Off World‘s Sandro Perri and Craig Dunsmuir discuss every song on 2, which is available everywhere via Constellation Records. Sponsored by Pizza Trokadero, the Bookshelf, Planet Bean Coffee, Grandad’s Donuts, Freshbooks, and Hello Fresh Canada.
U.S. Girls is the moniker of Meghan Remy who currently calls Toronto, Ontario home. Since moving there from Chicago in 2010, Remy has become a vital part of the city’s music scene and, along with her husband Slim Twig, plays in the excellent band Darlene Shrugg and runs the Calico Corp. label. She is likely best known for her stunning voice, pointed perspective, and startlingly great post-pop work as U.S. Girls, including her acclaimed and most recent album, Half Free, which is on the 2016 Polaris Music Prize short list and out now via 4AD Records. Remy and I recently caught up at Jules’ Café in Toronto’s Kingsway neighbourhood to discuss Jules Café and its wifi and its delectable croissants, just barely Etobicoke, Boxing Day 2010, Chicago and Toronto, Americans thinking about Canada and the rest of the world, facts and fiction and trust, not necessarily the news, overwhelmed by the world, free but only to consume, leaving America and loving Canada, military madness and taxes, health care, because Britain stayed and Canadian reserve, nice not friendly, Canada’s British accent, we’re smart, Toronto’s ahistorical aesthetic, many cranes in the sky, Chicago is grand, it’s hard to be America’s hat, grants and being driven to achieve, gross generalizations, the music media and scams, the regurgitated one sheet, disengaging, anti-intellectualism, being in a military family, John Cassavetes and Bruce Springsteen, cinéma vérité, Springsteen’s rise as an American superstar as he was criticizing America, Springsteen’s empathy and socially conscious gestures, her song “Damn That Valley,” why Meg doesn’t ever vote, the 2000 election and Ralph Nader and Bernie Sanders, the Democratic Party doesn’t really get it, anti-war, the shades of evil, Hillary Clinton and women, revolution and protest and duty, social media’s distracting nature, the internet is everything but still new, MySpace as a touring resource, Silver Apples and Suicide and the Shaggs, the two-piece, when Springsteen covered “Dream Baby Dream,” the Devils & Dust tour, radio on, the Beatles Anthology, Bikini Kill, dealing with male music biz crap as a woman, sound people are cranky, frustrated musicians, the average white American woman, “First World Blues,” problematic self-esteem issues in a digital age, the requisite weirdness of receiving a Polaris Music Prize nomination, the infrastructure and its usual suspects, Darlene Shrugg is the best band and a record is almost done, Simone TB and Tropics, Ice Cream, word of mouth, the new U.S. Girls record with the Cosmic Range, Onakabazien, playing live at the Polaris gala on September 19, the song “Window Shades,” Gloria Ann Taylor, and then I got a croissant.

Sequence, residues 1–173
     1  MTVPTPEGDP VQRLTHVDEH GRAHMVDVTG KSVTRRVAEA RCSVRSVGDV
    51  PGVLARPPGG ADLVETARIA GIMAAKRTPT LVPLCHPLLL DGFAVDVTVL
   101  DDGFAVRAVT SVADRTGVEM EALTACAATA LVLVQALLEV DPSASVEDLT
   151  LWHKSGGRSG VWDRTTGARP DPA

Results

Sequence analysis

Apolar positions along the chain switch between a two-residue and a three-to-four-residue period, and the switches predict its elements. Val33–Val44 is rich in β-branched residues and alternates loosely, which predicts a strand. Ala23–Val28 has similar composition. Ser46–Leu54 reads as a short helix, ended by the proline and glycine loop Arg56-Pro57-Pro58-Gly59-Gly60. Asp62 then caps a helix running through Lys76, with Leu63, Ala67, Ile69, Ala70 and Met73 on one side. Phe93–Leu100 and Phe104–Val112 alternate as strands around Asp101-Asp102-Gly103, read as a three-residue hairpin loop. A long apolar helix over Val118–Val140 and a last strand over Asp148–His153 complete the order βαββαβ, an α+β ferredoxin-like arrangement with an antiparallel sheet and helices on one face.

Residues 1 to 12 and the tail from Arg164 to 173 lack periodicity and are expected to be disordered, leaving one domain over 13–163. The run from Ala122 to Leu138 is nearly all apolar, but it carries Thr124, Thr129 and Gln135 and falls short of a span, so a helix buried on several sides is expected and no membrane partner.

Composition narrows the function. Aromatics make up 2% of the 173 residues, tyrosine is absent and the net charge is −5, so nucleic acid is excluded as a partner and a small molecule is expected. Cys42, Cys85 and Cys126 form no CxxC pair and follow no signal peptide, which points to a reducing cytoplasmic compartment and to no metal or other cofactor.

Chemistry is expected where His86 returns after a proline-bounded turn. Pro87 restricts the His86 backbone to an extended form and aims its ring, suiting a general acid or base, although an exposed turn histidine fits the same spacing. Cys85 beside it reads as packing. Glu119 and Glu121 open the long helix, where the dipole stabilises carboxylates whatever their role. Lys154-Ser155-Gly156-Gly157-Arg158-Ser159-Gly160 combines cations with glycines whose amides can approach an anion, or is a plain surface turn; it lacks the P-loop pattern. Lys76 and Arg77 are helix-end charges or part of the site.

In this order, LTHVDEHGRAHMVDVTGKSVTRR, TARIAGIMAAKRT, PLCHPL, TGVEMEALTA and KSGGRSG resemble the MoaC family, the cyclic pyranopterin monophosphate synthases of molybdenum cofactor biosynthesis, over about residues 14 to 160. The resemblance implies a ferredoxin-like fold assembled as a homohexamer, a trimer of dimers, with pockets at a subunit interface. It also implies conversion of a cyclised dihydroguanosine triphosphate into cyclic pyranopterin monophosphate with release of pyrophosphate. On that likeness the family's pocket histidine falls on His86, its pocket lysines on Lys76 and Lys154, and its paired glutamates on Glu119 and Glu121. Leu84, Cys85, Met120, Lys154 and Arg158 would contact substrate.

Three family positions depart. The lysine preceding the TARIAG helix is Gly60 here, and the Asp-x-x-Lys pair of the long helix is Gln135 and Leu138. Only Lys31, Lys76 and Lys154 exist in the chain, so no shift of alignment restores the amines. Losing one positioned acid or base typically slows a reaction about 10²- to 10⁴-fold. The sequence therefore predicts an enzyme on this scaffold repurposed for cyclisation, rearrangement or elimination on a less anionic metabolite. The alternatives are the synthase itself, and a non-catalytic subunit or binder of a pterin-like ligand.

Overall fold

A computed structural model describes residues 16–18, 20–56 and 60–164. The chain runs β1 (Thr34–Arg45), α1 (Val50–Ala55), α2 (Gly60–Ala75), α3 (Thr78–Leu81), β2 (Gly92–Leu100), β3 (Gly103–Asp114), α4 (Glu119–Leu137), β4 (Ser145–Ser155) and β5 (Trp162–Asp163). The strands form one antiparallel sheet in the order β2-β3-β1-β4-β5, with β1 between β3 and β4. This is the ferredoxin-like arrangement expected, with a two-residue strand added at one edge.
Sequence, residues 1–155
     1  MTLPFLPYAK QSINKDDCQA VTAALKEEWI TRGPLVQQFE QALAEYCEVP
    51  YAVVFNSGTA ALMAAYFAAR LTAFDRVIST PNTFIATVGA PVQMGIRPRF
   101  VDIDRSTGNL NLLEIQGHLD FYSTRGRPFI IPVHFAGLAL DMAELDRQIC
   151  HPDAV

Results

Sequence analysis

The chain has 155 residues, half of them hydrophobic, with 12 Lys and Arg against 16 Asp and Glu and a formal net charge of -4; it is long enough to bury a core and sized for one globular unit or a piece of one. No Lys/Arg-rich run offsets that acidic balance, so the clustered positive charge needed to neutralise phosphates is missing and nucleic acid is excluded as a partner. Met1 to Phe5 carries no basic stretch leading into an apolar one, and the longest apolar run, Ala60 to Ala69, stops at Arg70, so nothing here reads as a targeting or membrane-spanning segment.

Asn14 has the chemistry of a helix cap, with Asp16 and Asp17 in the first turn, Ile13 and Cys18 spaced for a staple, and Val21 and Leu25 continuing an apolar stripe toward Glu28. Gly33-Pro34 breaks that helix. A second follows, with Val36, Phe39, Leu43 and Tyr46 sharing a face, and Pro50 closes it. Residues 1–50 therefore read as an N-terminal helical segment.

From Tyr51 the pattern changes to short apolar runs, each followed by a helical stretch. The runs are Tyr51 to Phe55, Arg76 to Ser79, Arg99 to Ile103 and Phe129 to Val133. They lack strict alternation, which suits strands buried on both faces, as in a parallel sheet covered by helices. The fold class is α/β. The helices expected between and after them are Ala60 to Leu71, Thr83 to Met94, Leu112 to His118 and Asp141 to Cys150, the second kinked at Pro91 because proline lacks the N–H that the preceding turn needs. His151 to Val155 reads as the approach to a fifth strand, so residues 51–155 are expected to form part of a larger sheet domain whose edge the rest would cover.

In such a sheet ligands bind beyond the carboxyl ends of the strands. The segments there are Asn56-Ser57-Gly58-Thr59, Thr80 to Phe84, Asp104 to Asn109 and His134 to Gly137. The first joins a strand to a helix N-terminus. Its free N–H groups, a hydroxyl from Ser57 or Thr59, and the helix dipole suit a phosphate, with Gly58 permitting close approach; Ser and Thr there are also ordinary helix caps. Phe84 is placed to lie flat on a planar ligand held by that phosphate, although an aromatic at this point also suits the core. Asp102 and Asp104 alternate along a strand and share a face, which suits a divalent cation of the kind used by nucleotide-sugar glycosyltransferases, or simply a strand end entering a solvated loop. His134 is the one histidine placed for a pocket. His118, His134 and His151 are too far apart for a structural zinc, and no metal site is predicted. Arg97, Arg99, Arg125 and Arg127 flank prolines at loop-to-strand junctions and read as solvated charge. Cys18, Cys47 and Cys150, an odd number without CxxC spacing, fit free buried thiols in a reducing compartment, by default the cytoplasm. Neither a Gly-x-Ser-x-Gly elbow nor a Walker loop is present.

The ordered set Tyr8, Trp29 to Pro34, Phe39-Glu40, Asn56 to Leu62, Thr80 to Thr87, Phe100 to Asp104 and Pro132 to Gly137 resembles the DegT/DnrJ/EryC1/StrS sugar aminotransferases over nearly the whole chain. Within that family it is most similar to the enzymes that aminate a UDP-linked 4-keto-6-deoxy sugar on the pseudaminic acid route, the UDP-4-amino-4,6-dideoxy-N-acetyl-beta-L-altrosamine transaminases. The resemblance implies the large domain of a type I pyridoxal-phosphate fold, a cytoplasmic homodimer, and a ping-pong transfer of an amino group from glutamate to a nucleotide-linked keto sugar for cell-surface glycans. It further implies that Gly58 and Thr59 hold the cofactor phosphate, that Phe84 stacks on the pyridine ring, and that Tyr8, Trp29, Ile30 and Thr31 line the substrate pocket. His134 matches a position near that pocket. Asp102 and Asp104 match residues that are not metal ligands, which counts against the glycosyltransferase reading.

Related links: yousgirls.blogspot.ca vishkhanna.com
On July 16, 2016, Alan Vega died peacefully in his sleep at the age of 78. In a statement, Vega’s family said, “With profound sadness and a stillness that only news like this can bring, we regret to inform you that the great artist and creative force, Alan Vega has passed away. Alan was not only relentlessly creative, writing music and painting until the end, he was also startlingly unique. Along with Martin Rev, in the early 1970s, they formed the two person avant band known as Suicide. Almost immediately, their incredible and unclassifiable music went against every possible grain. Their confrontational live performances, light-years before ‘Punk Rock,’ are the stuff of legend. Their first, self-titled album is one of the single most challenging and noteworthy achievements in American music. Alan Vega was the quintessential artist on every imaginable level. His entire life was devoted to outputting what his vision commanded of him.” It was a fitting encapsulation of a man whose work and attitude influenced many of the most significant artists in underground and mainstream music, from every generation really. This episode features personal reflections and first and second hand anecdotes about Vega and Suicide by fans like Steve Albini of Shellac of North America, Jehnny Beth of Savages, Brendan Canty of Fugazi, Kid Millions of Oneida (a.k.a. John Colpitts of Man Forever), Robyn Phillips of Vallens, Priya Thomas, and Mike Watt of the Minutemen.
Related playlist: “I Remember (Live at CBGB’s)” Suicide | “Frankie Teardrop” Suicide | “Down On the Street” The Stooges | “23 Minutes Over Brussels” Suicide | “Diamonds, Fur Coat, Champagne” Suicide | “Girl” Suicide | “Ghost Rider” Suicide | “Dream Baby Dream” Suicide | “State Trooper” Bruce Springsteen | “Dream Baby Dream” Bruce Springsteen | “Rocket USA” Suicide | “Rocket USA” Oneida ft. Alan Vega | “Dream Baby Dream” Savages | “Ghost Rider (Live at All Tomorrow’s Parties 2010)” Suicide | “Tangerine” Christophe ft. Alan Vega | “I Remember” Suicide
Related links: zerecords.com vishkhanna.com